A Reductive My Fair Lady

Compact Production at Central Square Theatre

By: - Feb 11, 2019

As the latest revival of “My Fair Lady” continues to garner rave reviews in New York it is easy to forget the great play from which this box office smash was born.

Fortunately, the tiny but talented team from Bedlam ( has taken it upon themselves to strip the music back out of MFL and turn it back into a theatrical gem.

The production which run through March 3, at the Central Square Theatre in Cambridge, is directed by Eric Tucker.

The production reduces the cast from scores to a handful and removes the music. Bedlam gets to the root of issues in Shaw’s story. Their approach reveals many which are still relevant and deserving of consideration.

In addition to “middle class morality,” the alleged role of women  is made more enterprising with the hat-doffing gender-switching that helps keep this sparking and sparkling production alive. Skewering the apparent ways of men, the production evokes the curried flavor of Colonialism. This occurs thanks to Michael Dwan Singh’s engaging performance as both Mr. Doolittle and a sarangi. Inserted into a fluid production it literally involves the audience from the get go.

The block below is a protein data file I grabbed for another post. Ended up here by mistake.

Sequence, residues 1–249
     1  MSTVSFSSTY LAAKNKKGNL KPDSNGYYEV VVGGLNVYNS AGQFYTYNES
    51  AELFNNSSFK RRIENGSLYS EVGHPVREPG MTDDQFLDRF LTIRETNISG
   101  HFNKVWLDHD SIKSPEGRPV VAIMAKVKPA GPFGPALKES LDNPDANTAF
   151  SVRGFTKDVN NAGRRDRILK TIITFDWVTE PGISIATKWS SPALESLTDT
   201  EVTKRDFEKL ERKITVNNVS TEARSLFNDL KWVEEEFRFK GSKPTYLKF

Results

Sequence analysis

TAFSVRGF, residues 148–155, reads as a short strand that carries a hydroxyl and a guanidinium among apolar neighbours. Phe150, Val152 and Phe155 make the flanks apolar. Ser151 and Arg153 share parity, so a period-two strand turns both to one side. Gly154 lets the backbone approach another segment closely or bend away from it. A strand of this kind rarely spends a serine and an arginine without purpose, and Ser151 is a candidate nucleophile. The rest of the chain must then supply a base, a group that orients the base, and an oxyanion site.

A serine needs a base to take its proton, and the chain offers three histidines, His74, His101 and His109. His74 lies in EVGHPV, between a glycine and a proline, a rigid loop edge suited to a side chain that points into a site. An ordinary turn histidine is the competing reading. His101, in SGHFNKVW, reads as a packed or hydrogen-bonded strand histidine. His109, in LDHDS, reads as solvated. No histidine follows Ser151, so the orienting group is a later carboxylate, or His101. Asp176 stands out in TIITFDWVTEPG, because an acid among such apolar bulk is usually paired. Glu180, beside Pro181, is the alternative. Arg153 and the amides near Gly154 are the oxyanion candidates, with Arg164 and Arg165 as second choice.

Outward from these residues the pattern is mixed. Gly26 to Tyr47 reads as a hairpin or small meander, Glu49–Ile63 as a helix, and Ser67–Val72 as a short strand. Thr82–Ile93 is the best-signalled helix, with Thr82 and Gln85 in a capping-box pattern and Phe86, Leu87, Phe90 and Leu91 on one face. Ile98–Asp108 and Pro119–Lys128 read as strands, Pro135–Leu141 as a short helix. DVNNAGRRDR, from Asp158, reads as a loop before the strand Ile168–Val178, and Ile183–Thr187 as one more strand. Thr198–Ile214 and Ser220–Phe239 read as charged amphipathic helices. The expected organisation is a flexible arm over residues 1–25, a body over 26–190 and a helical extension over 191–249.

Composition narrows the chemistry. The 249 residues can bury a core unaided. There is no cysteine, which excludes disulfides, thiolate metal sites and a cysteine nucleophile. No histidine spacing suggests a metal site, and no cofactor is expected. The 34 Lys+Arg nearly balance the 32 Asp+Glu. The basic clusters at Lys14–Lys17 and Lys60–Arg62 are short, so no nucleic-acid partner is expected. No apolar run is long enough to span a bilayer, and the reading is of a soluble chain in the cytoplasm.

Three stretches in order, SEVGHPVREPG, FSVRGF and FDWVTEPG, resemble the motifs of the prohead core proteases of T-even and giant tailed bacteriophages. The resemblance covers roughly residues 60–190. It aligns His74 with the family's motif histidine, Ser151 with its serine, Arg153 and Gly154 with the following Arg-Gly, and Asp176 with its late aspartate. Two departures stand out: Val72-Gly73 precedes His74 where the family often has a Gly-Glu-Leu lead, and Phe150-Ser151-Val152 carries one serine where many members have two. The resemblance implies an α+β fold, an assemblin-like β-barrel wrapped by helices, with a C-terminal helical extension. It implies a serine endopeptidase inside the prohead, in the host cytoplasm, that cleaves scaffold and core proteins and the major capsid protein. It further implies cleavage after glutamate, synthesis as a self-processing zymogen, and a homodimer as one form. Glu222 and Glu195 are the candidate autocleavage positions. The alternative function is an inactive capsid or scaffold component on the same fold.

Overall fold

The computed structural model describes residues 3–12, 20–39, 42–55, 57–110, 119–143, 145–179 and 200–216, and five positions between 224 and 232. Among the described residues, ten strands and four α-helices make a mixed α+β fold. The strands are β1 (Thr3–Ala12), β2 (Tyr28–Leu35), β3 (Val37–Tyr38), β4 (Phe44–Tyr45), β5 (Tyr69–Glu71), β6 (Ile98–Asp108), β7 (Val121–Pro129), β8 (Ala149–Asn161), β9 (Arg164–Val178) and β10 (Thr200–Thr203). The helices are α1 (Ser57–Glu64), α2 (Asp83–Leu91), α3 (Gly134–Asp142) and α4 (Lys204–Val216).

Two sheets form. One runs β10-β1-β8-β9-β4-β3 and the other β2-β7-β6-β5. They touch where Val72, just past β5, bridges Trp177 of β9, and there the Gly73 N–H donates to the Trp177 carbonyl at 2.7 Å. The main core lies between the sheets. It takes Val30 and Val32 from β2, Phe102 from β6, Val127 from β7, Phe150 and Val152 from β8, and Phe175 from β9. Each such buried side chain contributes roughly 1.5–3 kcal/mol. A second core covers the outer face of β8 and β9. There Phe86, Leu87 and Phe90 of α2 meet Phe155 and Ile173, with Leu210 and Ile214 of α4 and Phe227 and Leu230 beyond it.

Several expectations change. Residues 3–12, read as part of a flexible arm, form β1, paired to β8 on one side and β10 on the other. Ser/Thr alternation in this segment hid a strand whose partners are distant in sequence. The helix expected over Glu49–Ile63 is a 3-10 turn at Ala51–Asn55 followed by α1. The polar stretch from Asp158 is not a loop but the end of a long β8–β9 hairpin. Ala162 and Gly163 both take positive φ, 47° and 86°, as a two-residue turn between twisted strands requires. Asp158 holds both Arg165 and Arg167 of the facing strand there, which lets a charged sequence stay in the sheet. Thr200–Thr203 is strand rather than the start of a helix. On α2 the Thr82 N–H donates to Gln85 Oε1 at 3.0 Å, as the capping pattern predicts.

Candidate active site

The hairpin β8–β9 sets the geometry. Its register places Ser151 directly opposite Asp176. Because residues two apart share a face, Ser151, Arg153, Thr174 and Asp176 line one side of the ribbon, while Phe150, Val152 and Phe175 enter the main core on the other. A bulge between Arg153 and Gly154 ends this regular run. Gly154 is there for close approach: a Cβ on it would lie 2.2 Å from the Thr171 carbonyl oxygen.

Even the stage set has been stripped down to a central table that acts as the pre-show bar. A set of wheeled chairs  become everything from the streets of London to the office of the prominent professor. Eric Tucker easily hhhhumainzes the hhhheavy hhhhanded hhhhypocitre HHHHHenry HHHHiggins. His matronly referee and sparring partner is played by Edmund Lewis.

Vaishnavi Sharma is great as the “good girl” Eliza Doolittle. She passes herself off as an immigrant street seller as effectively as she does the polished project of the dynamic duo of Higgins and Colonel Pickering. He is offered with the booming baritone of James Patrick Nelson. That contrasts mightily with his turns as Mrs. Eynsford-Hill. The role  could have been expunged in the name of minimalism but allows for so much fun and frolic that it is too delicious to ignore. Her female foil is Grace Bernardo as the ramrod-straight Mrs. Pearce and also as the far more free and easy Clara Eynsford-Hill and Mrs. Higgins’ I-wish-I-were-free Parlour Maid.

Great showtunes like “Get Me To the Church on Time” and “The Street Where You Live” live only in the mind of the audience in this production. Bedlam, however, brings a madman’s sense of order to a story that still provokes and pokes fun. It deserves to be seen even if you don’t leave the theater humming along.

Posted courtesy of the Robinson Reporter.